Together the re-enactment photos and the training photos meditate on how reality and fiction get muddled when we plan for war, when we remember war. This, of course, is the issue at the center of debates over the origin of our Iraq activity. Speaking in Chicago July 7, President Bush again said that we were forced into Iraq because Saddam Hussein didn’t comply with weapons inspections: “He could have welcomed the world in. He could have told us what was going on.” Hussein was a mass murderer and a scoundrel, but how was he fooling us when he let weapons inspectors in and released a 12,000-page report to the UN denying the possession of weapons of mass destruction in those last crucial days of 2002?
On the phone, Lê asks were we militarily prepared, were we politically prepared, were we morally prepared for this war? Her photos suggest that those who made the decision to go to war underestimated the difficulty and the suffering because they were strangers to combat and thought success would come as easily as in a Hollywood war movie. Most American grunts and, at least in Dan Cook’s case, most of their superiors on the ground in Iraq in 2003 hadn’t been much closer to war than 29 Palms either. How did this lack of experience at all levels affect our actions?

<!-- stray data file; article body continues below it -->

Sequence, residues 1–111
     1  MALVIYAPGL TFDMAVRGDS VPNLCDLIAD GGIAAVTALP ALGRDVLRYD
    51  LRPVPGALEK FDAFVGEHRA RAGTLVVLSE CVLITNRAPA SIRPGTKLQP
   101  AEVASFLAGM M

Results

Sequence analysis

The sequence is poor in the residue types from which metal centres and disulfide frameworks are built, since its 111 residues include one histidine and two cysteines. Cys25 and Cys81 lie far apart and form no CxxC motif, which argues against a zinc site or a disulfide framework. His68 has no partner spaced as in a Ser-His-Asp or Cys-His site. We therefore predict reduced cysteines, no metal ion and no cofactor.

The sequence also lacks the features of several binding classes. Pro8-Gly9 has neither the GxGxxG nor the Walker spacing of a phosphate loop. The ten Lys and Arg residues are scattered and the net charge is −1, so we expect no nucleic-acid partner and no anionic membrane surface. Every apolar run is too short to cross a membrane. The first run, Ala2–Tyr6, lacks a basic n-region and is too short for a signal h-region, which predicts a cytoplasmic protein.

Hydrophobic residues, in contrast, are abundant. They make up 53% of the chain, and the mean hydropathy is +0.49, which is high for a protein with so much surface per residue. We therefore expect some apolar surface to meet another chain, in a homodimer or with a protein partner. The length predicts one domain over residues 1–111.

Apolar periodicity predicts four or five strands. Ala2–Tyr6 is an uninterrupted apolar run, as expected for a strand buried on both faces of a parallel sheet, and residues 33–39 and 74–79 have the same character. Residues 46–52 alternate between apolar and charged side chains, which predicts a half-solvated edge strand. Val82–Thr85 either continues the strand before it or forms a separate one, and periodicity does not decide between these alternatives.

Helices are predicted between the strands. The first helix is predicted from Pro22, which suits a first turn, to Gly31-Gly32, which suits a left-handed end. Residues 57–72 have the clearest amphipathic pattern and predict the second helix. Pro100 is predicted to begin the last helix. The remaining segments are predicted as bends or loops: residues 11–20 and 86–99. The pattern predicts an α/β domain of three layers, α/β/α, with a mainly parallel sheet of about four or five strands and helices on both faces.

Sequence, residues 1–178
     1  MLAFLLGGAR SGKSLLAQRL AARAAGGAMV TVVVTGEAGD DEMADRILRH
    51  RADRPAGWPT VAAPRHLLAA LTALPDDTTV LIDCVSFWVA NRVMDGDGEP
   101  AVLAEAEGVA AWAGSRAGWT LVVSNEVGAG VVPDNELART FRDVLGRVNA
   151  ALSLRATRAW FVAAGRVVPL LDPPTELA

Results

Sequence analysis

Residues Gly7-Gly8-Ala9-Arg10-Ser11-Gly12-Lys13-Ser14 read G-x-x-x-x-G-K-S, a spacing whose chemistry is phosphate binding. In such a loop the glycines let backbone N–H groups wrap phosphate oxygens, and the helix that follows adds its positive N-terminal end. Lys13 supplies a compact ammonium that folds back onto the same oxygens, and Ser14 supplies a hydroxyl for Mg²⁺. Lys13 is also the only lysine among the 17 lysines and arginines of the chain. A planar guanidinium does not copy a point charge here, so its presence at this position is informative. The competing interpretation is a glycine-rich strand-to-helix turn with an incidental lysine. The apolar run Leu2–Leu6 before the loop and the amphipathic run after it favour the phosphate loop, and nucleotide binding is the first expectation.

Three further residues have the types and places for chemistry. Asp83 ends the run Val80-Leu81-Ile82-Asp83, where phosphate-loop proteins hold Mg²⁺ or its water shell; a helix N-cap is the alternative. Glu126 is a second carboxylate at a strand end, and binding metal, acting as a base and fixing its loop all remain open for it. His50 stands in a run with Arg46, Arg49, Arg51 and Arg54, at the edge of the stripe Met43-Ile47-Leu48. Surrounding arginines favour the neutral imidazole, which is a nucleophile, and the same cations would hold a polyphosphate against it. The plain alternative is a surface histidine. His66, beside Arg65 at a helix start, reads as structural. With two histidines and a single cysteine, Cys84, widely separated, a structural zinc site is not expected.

More of those who’ve led training at 29 Palms — like Cook, who coached novice Marine firefighters after he returned from Iraq — are combat veterans now. Lê tells me that the tenor of the rehearsals has grown more urgent, more grave.
“An-My L: Small Wars” | Rhode Island School of Design Museum, 224 Benefit St, Providence | Through October 15
: Museum And Gallery
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